How Common is Infertility?
Infertility has an adverse social impact on the lives of couples who have been unable to conceive and in particular women, who might go through low self-esteem, social stigma, emotional stress, depression, anxiety and in some cases divorce.
Infertility is more common than most people think, and it can even mean getting pregnant but having stillbirths or miscarriages. Recent studies show that after a year of having unprotected sex, 15 percent of couples are unable to conceive a child. And, after two years, 10 percent of couples will still not have achieved a successful pregnancy, that’s quite different than it was a few decades ago. Today, as many as one in 7 couples trying to have a baby will experience infertility.
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The reasons behind a rise in infertility are varied. Some are related to changes in our society, some would be the lifestyle choices. 20 or 30 years ago, most women had their first child at about 21. Currently, that age is closer to 26 or 27. Many couples are waiting longer to start their families, they may want to finish their education first, or get established in their careers. Frequency in remarriages and divorces have also gone up which pushes the pregnancy plan further away.
There is a risk of exposure to environmental toxins and sexually transmitted diseases when couples postpone the plan to start a family. Age plays a big role, too. For couples who are under 30 and generally healthy, 20 to 37 percent can conceive in the first three months of trying. After age 30, a woman’s chances of getting pregnant start dropping quickly with each year. If one of the 2 partners have crossed a certain age and are older then too the more likely they are to have health problems, and to get treated for them which may cause delays.
According to the World Health Organization estimate the overall prevalence of primary infertility in India is between 3.9 to 16.8%. In Indian states prevalence of infertility varies from state to state such as 3.7 per cent in Uttar Pradesh, Himachal Pradesh, and Maharashtra, to 5 per cent in Andhra Pradesh, and 15 per cent in Kashmir, also prevalence varies in the same region across tribes and caste.
In today’s modern society, the problem of infertility is based on lifestyle changes resulting in stress and obesity caused by lack of physical exercise, changes in eating habits and pollution accompanied by medical disorders like diabetes. Research suggests there has been a 20-30 per cent rise in the last five years in India. It is no longer an urban phenomenon, nor is it confined to women, it has impacted men too, started surfacing in Tier 2 and Tier 3 cities too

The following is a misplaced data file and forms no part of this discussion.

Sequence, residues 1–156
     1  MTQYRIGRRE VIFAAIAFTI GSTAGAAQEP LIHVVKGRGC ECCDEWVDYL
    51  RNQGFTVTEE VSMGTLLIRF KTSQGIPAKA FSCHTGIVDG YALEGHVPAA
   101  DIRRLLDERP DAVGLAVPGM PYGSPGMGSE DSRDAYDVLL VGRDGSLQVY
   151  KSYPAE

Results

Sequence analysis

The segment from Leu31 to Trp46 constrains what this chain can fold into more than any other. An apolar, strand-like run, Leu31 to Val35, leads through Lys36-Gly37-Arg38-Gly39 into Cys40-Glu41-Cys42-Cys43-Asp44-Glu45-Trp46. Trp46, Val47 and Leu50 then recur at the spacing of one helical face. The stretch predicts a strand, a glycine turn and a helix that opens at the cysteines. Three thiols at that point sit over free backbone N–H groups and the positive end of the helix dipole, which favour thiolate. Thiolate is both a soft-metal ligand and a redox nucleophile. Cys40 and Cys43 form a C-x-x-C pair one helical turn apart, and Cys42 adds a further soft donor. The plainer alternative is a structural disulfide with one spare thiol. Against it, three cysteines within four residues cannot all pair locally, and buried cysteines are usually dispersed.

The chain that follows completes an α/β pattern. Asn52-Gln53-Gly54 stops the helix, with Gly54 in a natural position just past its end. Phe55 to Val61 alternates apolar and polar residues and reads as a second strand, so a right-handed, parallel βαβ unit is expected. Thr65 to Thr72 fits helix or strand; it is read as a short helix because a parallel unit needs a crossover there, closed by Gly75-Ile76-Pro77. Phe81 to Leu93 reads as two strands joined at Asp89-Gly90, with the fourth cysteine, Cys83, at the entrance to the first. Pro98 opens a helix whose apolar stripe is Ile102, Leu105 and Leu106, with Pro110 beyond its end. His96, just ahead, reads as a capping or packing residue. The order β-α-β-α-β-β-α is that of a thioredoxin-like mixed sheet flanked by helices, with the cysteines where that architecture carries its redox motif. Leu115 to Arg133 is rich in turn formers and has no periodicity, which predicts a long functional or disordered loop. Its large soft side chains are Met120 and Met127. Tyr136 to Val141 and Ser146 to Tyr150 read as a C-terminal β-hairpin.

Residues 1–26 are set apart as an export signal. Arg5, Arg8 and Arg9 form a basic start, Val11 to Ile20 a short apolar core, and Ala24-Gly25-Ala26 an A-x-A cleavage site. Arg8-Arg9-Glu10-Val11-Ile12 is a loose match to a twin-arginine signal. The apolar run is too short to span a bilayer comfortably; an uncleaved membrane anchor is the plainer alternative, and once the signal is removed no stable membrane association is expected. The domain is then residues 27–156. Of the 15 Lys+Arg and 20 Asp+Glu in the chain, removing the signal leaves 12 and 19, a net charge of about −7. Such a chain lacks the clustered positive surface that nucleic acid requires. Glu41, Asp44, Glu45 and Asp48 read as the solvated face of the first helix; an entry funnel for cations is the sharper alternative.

The World Population Prospects: The 2019 Revision estimated that the fertility rate of Indians (the number of children born to a woman) plunged by more than 50 percent. The crude birth rate has gone down from 36.7 births per thousand population during 1975-80 to 18.9 during 2015-20. The report projects that the rate will fall to 18 by 2025-30, drop further to 12.1 by 2045-50 and 9.3 by 2095-2100.
The Indian Society of Assisted Reproduction says as many as 27.5 million couples—about one in six couples—in urban India are impacted by infertility.
About 45 percent of couples face infertility problems as it is not only limited to women, and men also face common problems such as low sperm count, morphology abnormalities and low motility of sperm.
A lot of couples prefer having children much later in life, one in 4 couples in developing countries are affected by infertility, and about 48.5 million couples experience infertility worldwide. Some researchers would go as far as to say that it is starting to look like an epidemic, which is making infertility treatments more popular as more and more couples are looking at different options to start a family.
The use of ART or assisted reproductive technology is increasing by 5% to 10% per year. According to the United Nations in 1950 there was an average of 5 children per woman worldwide, in 2020 it has shrunk to an average of 2 children per woman worldwide.
Infertility is expected to increase in the future. By 2025, almost 10 million couples will encounter problems in having a baby. The difficulties which are involved with it like miscarriages, can negatively impact a person or couples overall mental, physical health and quality of life. They also experience psychological and other personal issues which affect their life. The best source for answers to your confusion and dilemma is a professional infertility doctor or a specialist.